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How close is the Fiat Centoventi concept to a production Panda?
Fiat says if it can’t democratise the electric car, it has no purpose. Or future
“I love this concept. It’s been my personal project for three years”, beams Fiat’s marketing boss, Francois Olivier. The Frenchman’s talking about the Centoventi concept, a boxy city car that explores what the new Fiat Panda could be. Electric, for one thing. And cheap. Spartan, no-nonsense, but desirable electric transport.
Begs one big question, doesn’t it: can it be built? Olivier gives an expansive, enthusiastic answer.
“Fiat has a blessing – we are known for spartan, essential transport. For everyone else, that’s just ‘cheap’, but for us, we have legitimacy [with cheap basic cars].” He notes the likes of the Citroen 2CV as a classic of the genre, but wants this new Fiat to bring the idea to the 21st Century.
“The project has lagged,” he admits. “We have had other emergencies. Maybe we started it too early. But now is the right time.”
Olivier says impressively few of the concept’s details will be binned for production. Predictably, the doors are one of them. “99 per cent of concept cars have suicide doors. They add hundreds of kilograms to the weight of the car, so this is one of the things which we would like but probably not do for production.”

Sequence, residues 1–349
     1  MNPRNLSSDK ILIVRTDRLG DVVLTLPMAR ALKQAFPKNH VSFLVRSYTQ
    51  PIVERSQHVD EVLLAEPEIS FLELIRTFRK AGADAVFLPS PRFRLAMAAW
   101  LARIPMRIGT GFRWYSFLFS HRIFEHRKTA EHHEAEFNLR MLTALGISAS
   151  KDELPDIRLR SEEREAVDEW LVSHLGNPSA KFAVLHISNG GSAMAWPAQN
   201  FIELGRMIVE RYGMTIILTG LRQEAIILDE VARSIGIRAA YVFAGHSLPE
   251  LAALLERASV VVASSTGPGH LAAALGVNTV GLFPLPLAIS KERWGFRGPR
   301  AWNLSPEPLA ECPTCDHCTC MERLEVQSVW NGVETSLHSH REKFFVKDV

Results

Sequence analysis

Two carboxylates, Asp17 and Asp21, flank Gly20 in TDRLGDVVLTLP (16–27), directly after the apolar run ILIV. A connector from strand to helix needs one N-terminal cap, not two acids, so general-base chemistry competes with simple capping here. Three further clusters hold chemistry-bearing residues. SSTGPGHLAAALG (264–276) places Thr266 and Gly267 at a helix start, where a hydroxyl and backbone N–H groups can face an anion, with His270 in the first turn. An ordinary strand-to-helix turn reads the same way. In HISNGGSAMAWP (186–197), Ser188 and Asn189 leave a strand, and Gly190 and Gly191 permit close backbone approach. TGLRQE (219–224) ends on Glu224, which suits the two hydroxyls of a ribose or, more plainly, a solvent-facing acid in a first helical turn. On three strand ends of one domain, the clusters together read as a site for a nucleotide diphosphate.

There’s a real sense of duty about Olivier, that Fiat is doing something more socially important that merely building a new small car.
“Italy has a social mission, to bring mobility to the masses”, he says, recalling the proud history Fiat has of building very cheap, worthy small cars to get low-income individuals on the road. “If we can be the ones to bring electric vehicles to the people, then we have a purpose. Then we can contribute. Fiat needs to have a purpose, to have a future.”
He says the Centoventi is the right car for this noble task because of what it says about the driver. “It makes a statement about you. It says you’re cool, refined, sophisticated, and it has true Italian-ness.”
The time-frame for production is “two-to-three years”, though if the big decisions get signed off pronto, it could be much closer to two years than three, we’re told. Here’s hoping Fiat can get the sums to add up.
The car is built around a swappable battery pack idea, so you can add more cells if you need more range. Fiat’s man confirms it’s an idea developed fully in-house, but the company would consider sharing it with partner firms if approached.